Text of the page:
What is most needed for a good translation is probably linguistic skill. But another quality that I think is equally important, especially in the case of fiction, is a love full of personal bias. Put most radically, I would say that is all you need. What I expect above all in translations of my works is just that. A love full of bias is, in the face of this uncertain world, one of the things I adore the most, with a deeply biased love.
— Haruki Murakami, quoted in A Wild Haruki Chase
It is in this respect that translation is a political act. It is not simply a question of turning what is foreign into [one's own language], but of understanding that it should not be the same as we are. Translation should be a process of reception, not of assimilation.
— André Markowicz, on translating Dostoevsky to French
A single work [of translated literature] involves often hundreds of thousands of minute decisions. Many are inevitably compromises. The ideal translation would result in an English that perfectly replicated the original and at the same time read with as much natural vigor as though it had been born in English. But in reality the finished translation is likely to be more uneven — now eloquent, now pedestrian, now a perfect replication, now a little false to the original in meaning or rhythm or syntax or level of diction. A careful weighing of the many choices involved can nevertheless result in a wonderful translation. But great patience and of course great skill in writing are essential, not to speak of a good ear and a deep understanding of the original text.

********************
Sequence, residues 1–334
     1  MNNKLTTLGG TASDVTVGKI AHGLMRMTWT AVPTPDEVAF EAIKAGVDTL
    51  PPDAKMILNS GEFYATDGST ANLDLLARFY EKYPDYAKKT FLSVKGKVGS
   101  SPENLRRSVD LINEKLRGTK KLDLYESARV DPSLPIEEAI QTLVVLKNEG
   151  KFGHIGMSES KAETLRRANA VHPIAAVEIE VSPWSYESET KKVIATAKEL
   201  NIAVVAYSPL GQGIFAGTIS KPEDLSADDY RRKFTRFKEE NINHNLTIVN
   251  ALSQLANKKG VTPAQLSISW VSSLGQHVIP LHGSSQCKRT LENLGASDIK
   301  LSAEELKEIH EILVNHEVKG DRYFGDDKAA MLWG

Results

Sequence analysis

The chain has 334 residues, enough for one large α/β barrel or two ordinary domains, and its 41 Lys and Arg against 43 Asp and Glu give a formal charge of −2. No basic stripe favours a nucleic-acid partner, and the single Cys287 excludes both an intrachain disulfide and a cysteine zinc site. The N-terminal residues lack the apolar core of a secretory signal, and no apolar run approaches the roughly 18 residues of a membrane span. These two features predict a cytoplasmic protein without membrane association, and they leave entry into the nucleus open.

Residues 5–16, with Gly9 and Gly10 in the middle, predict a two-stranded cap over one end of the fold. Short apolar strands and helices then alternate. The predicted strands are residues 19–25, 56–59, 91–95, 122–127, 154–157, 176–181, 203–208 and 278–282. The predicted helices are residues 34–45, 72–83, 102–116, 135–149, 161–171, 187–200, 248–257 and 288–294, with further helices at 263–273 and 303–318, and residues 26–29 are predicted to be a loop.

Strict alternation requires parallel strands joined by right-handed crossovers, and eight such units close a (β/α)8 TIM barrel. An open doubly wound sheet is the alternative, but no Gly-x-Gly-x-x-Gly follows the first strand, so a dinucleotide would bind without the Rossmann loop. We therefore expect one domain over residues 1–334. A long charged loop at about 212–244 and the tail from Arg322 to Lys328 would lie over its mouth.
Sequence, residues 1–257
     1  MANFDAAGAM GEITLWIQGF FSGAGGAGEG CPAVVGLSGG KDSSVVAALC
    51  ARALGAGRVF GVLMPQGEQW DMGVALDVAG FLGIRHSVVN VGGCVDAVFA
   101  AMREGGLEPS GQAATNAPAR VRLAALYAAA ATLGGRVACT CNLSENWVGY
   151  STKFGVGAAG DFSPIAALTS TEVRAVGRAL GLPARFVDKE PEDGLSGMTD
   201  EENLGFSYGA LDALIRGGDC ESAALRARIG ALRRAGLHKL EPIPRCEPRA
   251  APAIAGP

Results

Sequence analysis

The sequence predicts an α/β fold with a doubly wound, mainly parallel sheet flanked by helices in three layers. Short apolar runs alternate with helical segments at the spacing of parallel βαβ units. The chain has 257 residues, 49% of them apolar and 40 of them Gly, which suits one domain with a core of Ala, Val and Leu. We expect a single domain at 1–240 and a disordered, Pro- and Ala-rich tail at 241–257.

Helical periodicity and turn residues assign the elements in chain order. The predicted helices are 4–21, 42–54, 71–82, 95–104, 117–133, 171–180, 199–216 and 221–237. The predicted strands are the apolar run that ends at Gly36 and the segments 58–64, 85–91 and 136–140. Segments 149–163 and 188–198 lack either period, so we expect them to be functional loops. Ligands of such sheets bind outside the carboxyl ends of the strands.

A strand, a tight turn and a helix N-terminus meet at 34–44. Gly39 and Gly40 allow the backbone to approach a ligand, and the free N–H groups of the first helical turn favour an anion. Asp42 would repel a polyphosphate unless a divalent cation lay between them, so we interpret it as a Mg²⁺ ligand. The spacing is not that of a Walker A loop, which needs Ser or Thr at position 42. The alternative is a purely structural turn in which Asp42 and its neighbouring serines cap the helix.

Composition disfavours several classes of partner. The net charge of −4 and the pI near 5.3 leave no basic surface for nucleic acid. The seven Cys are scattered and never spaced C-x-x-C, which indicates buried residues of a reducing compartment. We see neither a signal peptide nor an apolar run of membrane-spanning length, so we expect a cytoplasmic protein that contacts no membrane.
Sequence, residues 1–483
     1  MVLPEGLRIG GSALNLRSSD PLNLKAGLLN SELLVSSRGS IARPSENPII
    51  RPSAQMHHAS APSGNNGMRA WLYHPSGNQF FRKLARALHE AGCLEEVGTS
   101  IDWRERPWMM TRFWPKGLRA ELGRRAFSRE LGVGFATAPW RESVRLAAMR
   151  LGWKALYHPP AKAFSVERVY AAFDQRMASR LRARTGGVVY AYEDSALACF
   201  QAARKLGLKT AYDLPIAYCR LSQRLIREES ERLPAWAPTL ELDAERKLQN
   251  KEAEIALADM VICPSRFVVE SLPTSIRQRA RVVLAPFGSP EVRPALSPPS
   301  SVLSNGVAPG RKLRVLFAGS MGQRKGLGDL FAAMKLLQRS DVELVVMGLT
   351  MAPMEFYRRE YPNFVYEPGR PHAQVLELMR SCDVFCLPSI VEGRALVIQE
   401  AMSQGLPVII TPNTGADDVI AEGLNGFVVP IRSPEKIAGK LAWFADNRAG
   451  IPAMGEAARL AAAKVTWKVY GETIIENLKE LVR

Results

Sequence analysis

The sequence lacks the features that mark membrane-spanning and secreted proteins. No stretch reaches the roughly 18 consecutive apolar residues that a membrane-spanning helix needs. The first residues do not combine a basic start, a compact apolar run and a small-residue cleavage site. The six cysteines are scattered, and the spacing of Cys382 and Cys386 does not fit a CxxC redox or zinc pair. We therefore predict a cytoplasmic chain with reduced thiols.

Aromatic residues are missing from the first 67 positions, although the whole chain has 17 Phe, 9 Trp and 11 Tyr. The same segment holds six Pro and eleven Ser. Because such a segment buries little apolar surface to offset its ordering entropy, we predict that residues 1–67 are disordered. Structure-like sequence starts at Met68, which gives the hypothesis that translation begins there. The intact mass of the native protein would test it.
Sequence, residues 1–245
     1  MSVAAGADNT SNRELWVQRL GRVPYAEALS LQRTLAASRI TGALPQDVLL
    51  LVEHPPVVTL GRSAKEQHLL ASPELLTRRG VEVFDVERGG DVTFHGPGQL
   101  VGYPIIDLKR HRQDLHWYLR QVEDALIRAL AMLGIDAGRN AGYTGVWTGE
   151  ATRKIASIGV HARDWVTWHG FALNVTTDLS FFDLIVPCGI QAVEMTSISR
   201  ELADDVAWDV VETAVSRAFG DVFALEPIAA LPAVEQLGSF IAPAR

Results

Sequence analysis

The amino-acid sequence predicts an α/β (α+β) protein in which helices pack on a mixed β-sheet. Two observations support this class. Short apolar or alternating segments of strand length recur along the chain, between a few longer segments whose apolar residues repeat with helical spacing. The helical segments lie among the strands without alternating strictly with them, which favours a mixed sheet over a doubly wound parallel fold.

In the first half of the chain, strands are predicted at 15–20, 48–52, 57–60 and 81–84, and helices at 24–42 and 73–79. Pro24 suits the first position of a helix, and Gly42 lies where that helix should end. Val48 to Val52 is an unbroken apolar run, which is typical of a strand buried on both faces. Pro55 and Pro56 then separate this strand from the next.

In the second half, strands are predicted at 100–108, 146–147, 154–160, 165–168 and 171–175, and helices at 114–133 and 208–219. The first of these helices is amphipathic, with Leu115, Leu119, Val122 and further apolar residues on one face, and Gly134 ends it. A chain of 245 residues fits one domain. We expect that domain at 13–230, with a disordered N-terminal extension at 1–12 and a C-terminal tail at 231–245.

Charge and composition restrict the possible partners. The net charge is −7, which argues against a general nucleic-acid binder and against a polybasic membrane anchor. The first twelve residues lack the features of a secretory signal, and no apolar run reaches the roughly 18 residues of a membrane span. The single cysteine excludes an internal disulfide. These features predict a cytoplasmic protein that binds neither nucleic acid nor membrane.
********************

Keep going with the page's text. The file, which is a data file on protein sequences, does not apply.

Translation involves two languages; the translator is in constant danger of inventing a third that lies between, a treacherous nonexistent language suggested by the original and not recognized by the language into which the original is being transposed.
— Guy Davenport, in "Another Odyssey"
I suppose every kind of poetry has its overtones, things that are not spoken. But this is especially true of Japanese. The most important statement in the English language is ‘I love you.’ You translate that into Japanese, there’s no ‘I’ and there’s no ‘you.’